The Sudanese government granted China millions of agricultural land to be utilized for long years to come for free in exchange of rescheduling debt owed by Khartoum.
Informed sources inside the Chinese embassy in Khartoum told Altaghyeer that the Sudanese president during his last visit to Beijing granted China vast arable land in exchange of relieving debts owed by Khartoum to China.
And in a surprise move during meeting Albashir, the Chinese president Xi Jingping announced the decision to provide financial aid to the Sudanese government estimated at 400 million yuan, despite a previous request to Khartoum to pay back its debts which amount to 10 billion USD.
Back in the year 2013 Beijing provided Khartoum with 700 million USD as a loan for building the new Khartoum airport, but the Sudanese government disbursed the amount in another area and failed in repaying the Chinese government.
And sources, who spoke to Altaghyeer on the condition of anonymity, said “the Chinese government raised the debts issue in meetings that took place during the African/Chinese summit which prompted Sudan to offer farming land to China in exchange for debts reschedule and requested additional time, an offer accepted by the Chinese government”.
Sources went on to add “discussions are under way between parties concerned in developing legal frameworks, and initially land was identified in Gezira, Sinnar and Blue Nile states, estimated at millions of acres, in order to cultivate cotton and other crops”.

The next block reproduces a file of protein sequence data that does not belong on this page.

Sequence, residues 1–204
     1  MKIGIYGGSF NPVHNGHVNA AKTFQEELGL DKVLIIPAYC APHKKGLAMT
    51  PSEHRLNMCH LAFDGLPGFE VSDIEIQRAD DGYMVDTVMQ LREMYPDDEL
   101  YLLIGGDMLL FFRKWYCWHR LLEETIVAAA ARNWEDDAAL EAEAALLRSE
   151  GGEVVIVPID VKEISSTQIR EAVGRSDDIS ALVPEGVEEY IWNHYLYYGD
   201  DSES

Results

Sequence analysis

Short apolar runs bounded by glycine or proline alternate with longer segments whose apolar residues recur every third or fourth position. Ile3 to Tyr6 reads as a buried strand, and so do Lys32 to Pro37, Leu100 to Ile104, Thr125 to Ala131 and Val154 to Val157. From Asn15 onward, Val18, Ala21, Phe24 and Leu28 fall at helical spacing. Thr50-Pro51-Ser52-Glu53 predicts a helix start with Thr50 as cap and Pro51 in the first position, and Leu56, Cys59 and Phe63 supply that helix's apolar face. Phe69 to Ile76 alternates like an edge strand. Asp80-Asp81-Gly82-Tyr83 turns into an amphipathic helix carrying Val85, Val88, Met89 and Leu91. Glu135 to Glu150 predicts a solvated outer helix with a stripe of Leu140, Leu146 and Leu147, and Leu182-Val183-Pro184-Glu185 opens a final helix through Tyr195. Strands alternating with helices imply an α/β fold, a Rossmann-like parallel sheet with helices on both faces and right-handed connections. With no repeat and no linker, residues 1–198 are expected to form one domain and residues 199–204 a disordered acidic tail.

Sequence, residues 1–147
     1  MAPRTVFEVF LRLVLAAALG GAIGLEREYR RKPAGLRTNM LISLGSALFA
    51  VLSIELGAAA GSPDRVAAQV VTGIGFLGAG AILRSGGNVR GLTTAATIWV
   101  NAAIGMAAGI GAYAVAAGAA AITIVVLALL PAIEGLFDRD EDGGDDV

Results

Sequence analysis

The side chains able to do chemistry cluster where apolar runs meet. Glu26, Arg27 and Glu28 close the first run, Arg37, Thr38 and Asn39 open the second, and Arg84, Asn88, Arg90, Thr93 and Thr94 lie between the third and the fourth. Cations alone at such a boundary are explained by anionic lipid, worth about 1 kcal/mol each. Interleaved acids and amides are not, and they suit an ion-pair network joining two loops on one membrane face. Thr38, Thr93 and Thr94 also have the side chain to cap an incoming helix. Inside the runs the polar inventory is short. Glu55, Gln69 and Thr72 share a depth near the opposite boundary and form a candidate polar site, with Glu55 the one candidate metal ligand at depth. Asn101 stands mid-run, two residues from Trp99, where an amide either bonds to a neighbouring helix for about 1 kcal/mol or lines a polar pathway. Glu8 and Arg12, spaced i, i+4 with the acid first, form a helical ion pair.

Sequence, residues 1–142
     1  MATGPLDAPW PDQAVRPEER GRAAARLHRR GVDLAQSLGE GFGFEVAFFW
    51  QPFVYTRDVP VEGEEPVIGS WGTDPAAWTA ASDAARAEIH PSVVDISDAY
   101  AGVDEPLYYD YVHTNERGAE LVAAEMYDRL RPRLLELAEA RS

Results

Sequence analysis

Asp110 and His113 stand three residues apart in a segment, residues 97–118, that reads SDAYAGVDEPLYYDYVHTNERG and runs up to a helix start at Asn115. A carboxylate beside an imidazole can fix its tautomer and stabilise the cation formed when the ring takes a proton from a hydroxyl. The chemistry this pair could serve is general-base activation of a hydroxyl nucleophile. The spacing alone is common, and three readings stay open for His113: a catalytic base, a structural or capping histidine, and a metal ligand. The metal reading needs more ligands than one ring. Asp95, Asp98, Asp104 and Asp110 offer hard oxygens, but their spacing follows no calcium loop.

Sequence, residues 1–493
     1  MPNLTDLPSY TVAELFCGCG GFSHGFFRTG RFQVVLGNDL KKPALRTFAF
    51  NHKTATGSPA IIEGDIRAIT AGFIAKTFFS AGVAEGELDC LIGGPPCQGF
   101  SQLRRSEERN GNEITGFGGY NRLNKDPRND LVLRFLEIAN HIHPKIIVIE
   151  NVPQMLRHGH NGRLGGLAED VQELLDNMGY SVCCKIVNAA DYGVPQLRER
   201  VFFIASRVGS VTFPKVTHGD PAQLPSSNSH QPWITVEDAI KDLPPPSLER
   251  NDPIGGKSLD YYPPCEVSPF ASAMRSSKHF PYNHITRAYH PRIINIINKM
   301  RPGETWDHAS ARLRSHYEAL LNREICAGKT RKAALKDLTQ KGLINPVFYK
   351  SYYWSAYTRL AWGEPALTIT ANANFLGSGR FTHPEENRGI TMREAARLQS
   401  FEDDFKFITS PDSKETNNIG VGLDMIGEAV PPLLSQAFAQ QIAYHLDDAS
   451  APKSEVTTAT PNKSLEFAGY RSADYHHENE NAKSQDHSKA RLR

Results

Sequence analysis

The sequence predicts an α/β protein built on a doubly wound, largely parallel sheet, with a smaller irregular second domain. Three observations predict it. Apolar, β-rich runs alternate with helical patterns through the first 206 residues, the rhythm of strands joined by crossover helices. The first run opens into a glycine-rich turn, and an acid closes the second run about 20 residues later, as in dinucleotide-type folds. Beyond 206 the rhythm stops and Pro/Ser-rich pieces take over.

In the meantime numerous Chinese companies are currently working in agriculture and agro-industrial processing areas in a number of Sudanese states including Gezira state.
The Sudanese government had previously granted millions of acres to Arab and Gulf states for cultivation on lease at a very low cost, as in the case with Saudi Arabia, which was granted around a million acres in the fertile area beyond Atbara/Sitate dams lasting for 99 years.
The Sudanese government has always been reticent in its deals with foreigners investing in Sudanese agricultural land. And it is worth noting that Transparency International classifies Sudan among the 10 most corrupt countries in the world based on the corruption perceptions index.